CHICAGO (FOX 32 News) - What if you could have the benefit of a total knee replacement, without going under the knife? A Chicago surgeon is performing a new procedure that he says can delay, and possibly even eliminate, joint replacements while avoiding major surgery.
"I’m very active, I do a lot of things," said 60-year-old Sue Shuftan.
And that's one reason Shuftan is about to undergo a subchondroplasty on her left knee. Her other reason? When she had her right knee replaced 7 years ago, things didn't go quite so well.
"It wasn't a positive experience," she said.
So when sue felt her left knee starting to fail, she decided to look for other options.
"We researched some different doctors," she said.
Sue found doctor Mitchell Sheinkop at The Center for Orthobiologics in Chicago and Des Plaines.
A seasoned orthopedic surgeon, who spent 37 years at Rush University Medical Center, Doctor Sheinkop now specializes in subchondroplasty, which is a procedure that involves injecting the knee with calcium phosphate or a bone substitute.
"It really in the knee gets rid of their pain quickly, as well as in the hip, shoulder and ankle," Dr. Sheinkop said.
But this is not your typical subchondroplasty, because Doctor Sheinkop has developed a new method.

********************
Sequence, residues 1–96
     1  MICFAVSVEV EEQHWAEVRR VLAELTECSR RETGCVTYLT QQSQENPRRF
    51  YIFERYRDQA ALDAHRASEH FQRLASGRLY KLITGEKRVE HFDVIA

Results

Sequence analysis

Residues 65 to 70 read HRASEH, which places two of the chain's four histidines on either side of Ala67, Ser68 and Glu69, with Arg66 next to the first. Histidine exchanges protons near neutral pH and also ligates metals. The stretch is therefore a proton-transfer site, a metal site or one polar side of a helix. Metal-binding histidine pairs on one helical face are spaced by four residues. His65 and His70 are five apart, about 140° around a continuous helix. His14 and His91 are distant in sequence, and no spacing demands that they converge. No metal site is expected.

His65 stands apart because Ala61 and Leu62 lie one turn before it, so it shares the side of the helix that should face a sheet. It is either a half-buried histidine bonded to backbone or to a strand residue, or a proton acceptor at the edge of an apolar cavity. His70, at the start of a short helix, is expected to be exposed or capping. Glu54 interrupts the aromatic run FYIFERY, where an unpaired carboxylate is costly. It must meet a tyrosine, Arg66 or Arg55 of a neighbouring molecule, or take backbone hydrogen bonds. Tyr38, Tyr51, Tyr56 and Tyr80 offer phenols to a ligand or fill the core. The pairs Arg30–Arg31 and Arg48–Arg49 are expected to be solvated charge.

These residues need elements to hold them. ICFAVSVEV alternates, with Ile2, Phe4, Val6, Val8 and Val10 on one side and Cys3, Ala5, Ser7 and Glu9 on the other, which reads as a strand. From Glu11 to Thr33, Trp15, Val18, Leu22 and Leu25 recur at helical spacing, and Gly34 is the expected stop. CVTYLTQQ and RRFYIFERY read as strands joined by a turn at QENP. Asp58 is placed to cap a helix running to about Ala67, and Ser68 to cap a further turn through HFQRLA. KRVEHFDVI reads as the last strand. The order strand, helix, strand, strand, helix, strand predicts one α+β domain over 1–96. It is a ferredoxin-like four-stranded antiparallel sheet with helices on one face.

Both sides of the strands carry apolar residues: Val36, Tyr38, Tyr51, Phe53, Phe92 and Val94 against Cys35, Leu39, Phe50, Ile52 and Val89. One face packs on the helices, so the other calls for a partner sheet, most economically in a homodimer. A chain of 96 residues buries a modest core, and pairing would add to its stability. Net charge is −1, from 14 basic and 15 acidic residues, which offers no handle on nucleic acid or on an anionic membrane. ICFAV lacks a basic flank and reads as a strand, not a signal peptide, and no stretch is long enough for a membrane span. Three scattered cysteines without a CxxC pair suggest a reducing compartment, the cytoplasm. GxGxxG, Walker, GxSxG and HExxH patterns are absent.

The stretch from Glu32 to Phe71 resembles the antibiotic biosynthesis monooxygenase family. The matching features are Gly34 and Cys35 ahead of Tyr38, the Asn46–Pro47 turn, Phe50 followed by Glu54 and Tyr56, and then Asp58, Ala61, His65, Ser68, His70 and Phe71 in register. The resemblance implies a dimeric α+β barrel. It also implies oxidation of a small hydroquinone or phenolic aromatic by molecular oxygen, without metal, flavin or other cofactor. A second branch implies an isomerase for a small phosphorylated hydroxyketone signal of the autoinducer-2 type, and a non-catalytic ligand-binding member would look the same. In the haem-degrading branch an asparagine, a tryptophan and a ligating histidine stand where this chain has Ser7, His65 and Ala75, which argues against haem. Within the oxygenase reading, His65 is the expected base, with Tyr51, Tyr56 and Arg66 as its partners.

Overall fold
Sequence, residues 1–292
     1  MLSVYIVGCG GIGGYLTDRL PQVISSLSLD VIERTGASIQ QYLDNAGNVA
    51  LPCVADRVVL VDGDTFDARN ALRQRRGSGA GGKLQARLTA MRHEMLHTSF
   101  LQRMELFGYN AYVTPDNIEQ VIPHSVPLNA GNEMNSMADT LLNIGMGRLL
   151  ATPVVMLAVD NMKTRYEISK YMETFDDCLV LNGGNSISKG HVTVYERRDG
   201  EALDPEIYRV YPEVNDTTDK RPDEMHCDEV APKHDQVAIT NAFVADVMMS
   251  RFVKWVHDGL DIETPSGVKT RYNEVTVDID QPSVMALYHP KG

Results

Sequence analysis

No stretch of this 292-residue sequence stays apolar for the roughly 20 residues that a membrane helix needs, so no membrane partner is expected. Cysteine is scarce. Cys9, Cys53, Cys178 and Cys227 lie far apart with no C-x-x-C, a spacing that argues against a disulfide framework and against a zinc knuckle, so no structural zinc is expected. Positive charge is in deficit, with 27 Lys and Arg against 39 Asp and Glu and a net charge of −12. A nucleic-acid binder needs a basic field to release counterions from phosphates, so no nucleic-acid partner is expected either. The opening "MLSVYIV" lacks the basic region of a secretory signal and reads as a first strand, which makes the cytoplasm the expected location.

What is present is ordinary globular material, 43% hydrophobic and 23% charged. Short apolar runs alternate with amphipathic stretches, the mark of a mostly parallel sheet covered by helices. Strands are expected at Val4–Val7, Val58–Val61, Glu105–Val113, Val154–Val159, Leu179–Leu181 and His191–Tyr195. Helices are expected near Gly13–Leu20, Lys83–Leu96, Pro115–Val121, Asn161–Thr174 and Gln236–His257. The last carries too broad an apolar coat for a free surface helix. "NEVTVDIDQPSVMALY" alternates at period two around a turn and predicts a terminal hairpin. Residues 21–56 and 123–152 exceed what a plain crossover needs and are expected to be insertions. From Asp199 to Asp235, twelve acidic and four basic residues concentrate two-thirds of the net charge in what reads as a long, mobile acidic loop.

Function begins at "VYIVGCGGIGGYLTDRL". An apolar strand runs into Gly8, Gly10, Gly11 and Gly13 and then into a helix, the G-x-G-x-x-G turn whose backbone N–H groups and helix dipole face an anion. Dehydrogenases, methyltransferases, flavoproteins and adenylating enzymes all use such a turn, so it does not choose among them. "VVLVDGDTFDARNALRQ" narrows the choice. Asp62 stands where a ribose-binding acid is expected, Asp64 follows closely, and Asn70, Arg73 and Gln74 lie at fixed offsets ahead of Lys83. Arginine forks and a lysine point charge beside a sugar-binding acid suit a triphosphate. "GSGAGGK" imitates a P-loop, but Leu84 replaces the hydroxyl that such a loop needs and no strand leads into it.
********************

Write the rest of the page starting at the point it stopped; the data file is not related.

Instead of injecting calcium phosphate into the bone, Dr. sheinkop injects bone marrow aspirate stem cells taken from the patient's own pelvis. He believes injecting stem cells could be more effective and accelerate bone healing, maybe even regenerate cartilage.
"In a younger patient, maybe re-grow cartilage is realistic. In a more senior patient, maybe not. But quality of life, activity, function, is a realistic expectation and outcome," Dr. Sheinkop said.
The end result is like that of a total joint replacement, but without major surgery.
"To relieve their symptoms from arthritis, to improve their quality of life, and to help them get off medications," the doctor said.
Sue’s procedure took about an hour and a half, no hospital stay, and she should be off crutches in about 2 days.
With some minor physical therapy, Sue can return to the activities she loves.
"I enjoy hiking, biking, and I box," she said.
Dr. Sheinkop says because subchondroplasty is fairly new, only about two years old, time will tell how long the joints will hold up following the procedure.
However, he says there is enough evidence to prove this procedure can help even the most extreme patients avoid major surgery.